Geraldine Hawkins experienced a home invasion of the very best kind.
Hordes of volunteers descended on Hawkins' Capitol Heights home last Saturday with one goal in mind: to repair, paint, plant, clean, de-clutter and organize areas of her home of 30 years.
"God is good," said Hawkins as she sat in her living room chatting with two volunteers who were busy folding sheets and organizing her linen closet. "It's fantastic. I don't even have the words."
Hawkins was counted among one of 86 elderly and disabled homeowners in Prince George's County chosen to be a part of the county's 24th Annual Christmas in April program.
Since 1989, Prince George's County Christmas in April has repaired and renovated more than 2,000 homes and donated more than $35 million in supplies and service for repairs.
"We are excited to be assisting the 86 homeowners we have chosen this year," said Prince George's County Christmas in April Executive Director Mary Kuchaski. "With the county's continued support, and the many county organizations that help us, we look forward to celebrating our 25th anniversary next year."
Hawkins, 93, appeared overwhelmed by the magnitude of the volunteer effort. One of her neighbors who lives a few houses down the street – Queen Covington – was also a Christmas in April recipient. Workers repaired her roof, while others were in her yard and inside the home engaged in a number of fix-up and straighten-up projects.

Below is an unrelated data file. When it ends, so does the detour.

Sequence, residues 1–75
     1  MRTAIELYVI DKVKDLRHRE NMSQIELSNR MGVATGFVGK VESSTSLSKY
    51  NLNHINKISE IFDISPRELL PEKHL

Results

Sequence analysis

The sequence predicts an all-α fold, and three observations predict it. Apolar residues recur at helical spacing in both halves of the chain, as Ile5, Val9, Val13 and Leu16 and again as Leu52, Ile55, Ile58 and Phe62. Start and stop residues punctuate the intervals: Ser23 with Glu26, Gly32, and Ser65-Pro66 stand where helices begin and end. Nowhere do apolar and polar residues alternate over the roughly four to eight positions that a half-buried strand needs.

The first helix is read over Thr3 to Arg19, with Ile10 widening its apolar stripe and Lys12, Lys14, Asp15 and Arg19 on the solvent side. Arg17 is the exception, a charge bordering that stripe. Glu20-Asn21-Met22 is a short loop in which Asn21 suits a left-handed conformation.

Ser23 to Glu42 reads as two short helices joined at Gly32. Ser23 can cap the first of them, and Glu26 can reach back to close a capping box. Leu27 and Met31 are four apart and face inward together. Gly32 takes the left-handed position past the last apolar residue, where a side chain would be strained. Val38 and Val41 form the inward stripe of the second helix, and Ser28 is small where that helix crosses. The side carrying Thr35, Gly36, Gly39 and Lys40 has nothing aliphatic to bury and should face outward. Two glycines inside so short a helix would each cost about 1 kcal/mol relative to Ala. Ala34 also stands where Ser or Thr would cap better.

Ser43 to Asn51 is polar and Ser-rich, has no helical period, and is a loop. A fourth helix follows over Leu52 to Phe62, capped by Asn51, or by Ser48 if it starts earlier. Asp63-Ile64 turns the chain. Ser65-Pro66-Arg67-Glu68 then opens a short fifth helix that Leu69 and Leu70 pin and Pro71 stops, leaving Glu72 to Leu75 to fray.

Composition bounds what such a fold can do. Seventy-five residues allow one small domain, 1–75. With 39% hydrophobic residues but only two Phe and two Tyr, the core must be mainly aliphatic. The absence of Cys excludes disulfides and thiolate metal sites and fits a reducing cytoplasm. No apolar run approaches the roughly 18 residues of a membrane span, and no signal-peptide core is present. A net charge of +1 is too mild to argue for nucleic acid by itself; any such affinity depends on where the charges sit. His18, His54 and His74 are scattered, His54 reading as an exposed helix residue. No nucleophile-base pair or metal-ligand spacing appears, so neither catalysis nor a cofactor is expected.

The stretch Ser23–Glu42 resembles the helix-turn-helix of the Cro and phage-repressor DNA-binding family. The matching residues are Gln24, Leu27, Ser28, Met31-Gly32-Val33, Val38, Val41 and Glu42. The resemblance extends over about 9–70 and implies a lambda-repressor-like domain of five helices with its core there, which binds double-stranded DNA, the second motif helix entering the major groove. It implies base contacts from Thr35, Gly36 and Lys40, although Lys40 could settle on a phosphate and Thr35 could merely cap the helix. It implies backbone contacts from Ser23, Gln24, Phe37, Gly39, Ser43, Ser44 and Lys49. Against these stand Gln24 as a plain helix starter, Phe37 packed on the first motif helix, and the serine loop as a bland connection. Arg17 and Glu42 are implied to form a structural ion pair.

"I've never seen so many people that were willing to give their time without pay. I thank God," Hawkins said.
Early on Saturday morning Prince George's County Executive Rushern L. Baker, III and his wife Christa Beverly Baker stopped by to lend a helping hand planting flowers. Many staff members of Baker's office also signed up to do volunteer work at the home.
Hawkins said she told Baker that if the flowers died she was going to "come and find you."
Peggy Morris and Lori Valentine folded sheets and chatted with Hawkins while volunteer Christopher Plummer, a contractor by trade, removed flooring in one of the bathrooms.
Plummer of Washington, D.C., said his father has been volunteering with the program for years and he decided to pitch in this year.
"It's good," said Plummer. "You've got to give. It [isn't] all about receiving. I wish I could do it two or three times a year."
Valentine said she believes in letting "her light shine. I would want somebody to do this for my mother ... I would want someone to do this for me."
Outside, Maryland District 25 Delegate Dereck Davis said he was "just trying to do my civic duty" as he took a break from assisting with landscaping.
Terry Lawlah and three members of the Tipsy Rose Garden Club also helped spruce up the yard.
"Volunteering is underrated in terms of what it does for the soul," said Lawlah as she sprayed weeds in the walkway leading to Hawkins' home.
Baker was scheduled to also visit Christmas in April homes in Seat Pleasant with the First Baptist Church of Glenarden and in Landover Hills with the Prince George's County Fire Department.
"Hundreds of Prince George's County employees are once again volunteering to help Christmas in April repair and renovate the homes of some of our neediest residents and neighbors," Baker said.